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Add support for groups of arguments. #205

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Kentzo opened this Issue Oct 10, 2013 · 28 comments

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@Kentzo

Kentzo commented Oct 10, 2013

Argparse supports grouping of arguments for better help message so cement should.

Current workaround is to override _process_arguments

@ghost ghost assigned derks Oct 22, 2013

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derks Oct 22, 2013

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Just to clarify, are you referring to sub-parsers/sub-commands? http://docs.python.org/2/library/argparse.html#sub-commands

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derks commented Oct 22, 2013

Just to clarify, are you referring to sub-parsers/sub-commands? http://docs.python.org/2/library/argparse.html#sub-commands

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Kentzo commented Oct 23, 2013

@derks Right.

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derks Oct 25, 2013

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The app.args object is an argparse 'parser'. Anything that you can do with argparse, you should be able to do with app.args without issue. Have you tried, and run into limitations? For example, you should be able to do app.args.add_subparsers(...).

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derks commented Oct 25, 2013

The app.args object is an argparse 'parser'. Anything that you can do with argparse, you should be able to do with app.args without issue. Have you tried, and run into limitations? For example, you should be able to do app.args.add_subparsers(...).

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Kentzo Oct 25, 2013

Sure if I'd use it alone I could add anything. But since I'm using a frameworks that has its own way to specify commands and options, how would I make them work together?

Kentzo commented Oct 25, 2013

Sure if I'd use it alone I could add anything. But since I'm using a frameworks that has its own way to specify commands and options, how would I make them work together?

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derks Oct 25, 2013

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You are right, basically, the default implementation of the IController interface (CementBaseController) does not use Argparse's sub-parsers to implement sub-commands. That said, it is possible to write your own BaseController... or sub-class CementBaseController and override/integrate the features you need.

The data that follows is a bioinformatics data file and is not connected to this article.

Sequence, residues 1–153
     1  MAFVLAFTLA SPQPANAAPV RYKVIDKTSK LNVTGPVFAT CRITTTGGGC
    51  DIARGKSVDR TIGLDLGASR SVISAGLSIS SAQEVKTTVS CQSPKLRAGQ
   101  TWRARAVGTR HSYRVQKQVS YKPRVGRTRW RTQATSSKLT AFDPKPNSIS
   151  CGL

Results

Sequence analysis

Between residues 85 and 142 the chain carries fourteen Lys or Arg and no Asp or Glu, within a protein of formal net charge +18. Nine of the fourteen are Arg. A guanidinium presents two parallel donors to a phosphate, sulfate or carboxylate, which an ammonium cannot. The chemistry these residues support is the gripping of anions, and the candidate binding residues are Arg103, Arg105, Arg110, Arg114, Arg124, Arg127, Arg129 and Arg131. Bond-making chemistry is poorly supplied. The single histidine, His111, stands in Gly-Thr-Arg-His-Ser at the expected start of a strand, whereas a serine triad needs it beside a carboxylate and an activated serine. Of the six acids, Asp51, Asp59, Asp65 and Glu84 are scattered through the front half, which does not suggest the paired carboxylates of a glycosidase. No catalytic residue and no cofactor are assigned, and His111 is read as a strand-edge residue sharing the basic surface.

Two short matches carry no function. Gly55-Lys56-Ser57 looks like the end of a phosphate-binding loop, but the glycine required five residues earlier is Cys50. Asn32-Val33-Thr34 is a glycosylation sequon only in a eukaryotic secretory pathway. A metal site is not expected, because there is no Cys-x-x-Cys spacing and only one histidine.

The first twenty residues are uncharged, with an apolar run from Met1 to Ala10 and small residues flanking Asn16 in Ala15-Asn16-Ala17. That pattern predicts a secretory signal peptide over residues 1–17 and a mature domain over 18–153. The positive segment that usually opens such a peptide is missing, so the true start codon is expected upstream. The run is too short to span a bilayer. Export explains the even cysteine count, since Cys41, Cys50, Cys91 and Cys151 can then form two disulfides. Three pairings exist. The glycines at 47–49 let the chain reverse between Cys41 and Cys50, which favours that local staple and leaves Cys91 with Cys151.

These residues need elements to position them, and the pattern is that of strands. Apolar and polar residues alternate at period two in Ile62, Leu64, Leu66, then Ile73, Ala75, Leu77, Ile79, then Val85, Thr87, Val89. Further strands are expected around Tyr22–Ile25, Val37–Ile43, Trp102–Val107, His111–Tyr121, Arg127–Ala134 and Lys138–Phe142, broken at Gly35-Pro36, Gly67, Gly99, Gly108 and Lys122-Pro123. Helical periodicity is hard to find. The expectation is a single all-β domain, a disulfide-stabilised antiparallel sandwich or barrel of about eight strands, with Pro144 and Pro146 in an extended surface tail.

CementBaseController is very complex... probably the most complex piece of Cement, and I wouldn't expect anyone to attempt to write their own unless absolutely necessary. That said, it is entirely possible.... the interface itself is very simple... the only thing that an IController implementation has to provide is a _dispatch() function. What happens is, if CementApp.Meta.base_controller is defined... then 'runtime' is passed to the controller to handle parsing arguments and dispatching commands, rather than parsing arguments itself.

The question is, what happens when run-time is passed to your IController implementation? Currently, that is all handled by CementBaseController, so you'll probably need to study that before attempting to write your own.

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derks commented Oct 25, 2013

You are right, basically, the default implementation of the IController interface (CementBaseController) does not use Argparse's sub-parsers to implement sub-commands. That said, it is possible to write your own BaseController... or sub-class CementBaseController and override/integrate the features you need.

CementBaseController is very complex... probably the most complex piece of Cement, and I wouldn't expect anyone to attempt to write their own unless absolutely necessary. That said, it is entirely possible.... the interface itself is very simple... the only thing that an IController implementation has to provide is a _dispatch() function. What happens is, if CementApp.Meta.base_controller is defined... then 'runtime' is passed to the controller to handle parsing arguments and dispatching commands, rather than parsing arguments itself.

The question is, what happens when run-time is passed to your IController implementation? Currently, that is all handled by CementBaseController, so you'll probably need to study that before attempting to write your own.

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Kentzo Oct 25, 2013

I think since the framework is built on top of argparse it should provide full set of features on its own.

Kentzo commented Oct 25, 2013

I think since the framework is built on top of argparse it should provide full set of features on its own.

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I completely hear your point, however the framework itself does not rely on, or soley function off of Argparse. That said, the default handlers for argument parsing (ArgparseArgumentHandler) and command dispatch (CementBaseController) are indeed built on top of Argparse. Cement offers pre-built handlers that implement the required interfaces it relies on... but all of those handlers can be replaced with an alternative implementation if they do not work for you.

In my opinion, a Framework should provide a solid balance between 'out of the box' functionality that solves 80% of users needs, while being flexible enough to allow developers to solve for the other 20% should they need to. I would be more than happy to evaluate an alternative implementation of the IController interface if you submit a pull request with the code.